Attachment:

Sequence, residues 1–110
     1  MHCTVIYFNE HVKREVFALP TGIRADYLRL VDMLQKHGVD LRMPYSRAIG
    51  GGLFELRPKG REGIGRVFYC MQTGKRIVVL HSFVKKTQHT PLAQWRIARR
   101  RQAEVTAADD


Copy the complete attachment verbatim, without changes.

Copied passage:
Sequence, residues 1–110
     1  MHCTVIYFNE HVKREVFALP TGIRADYLRL VDMLQKHGVD LRMPYSRAIG
    51  GGLFELRPKG REGIGRVFYC MQTGKRIVVL HSFVKKTQHT PLAQWRIARR
   101  RQAEVTAADD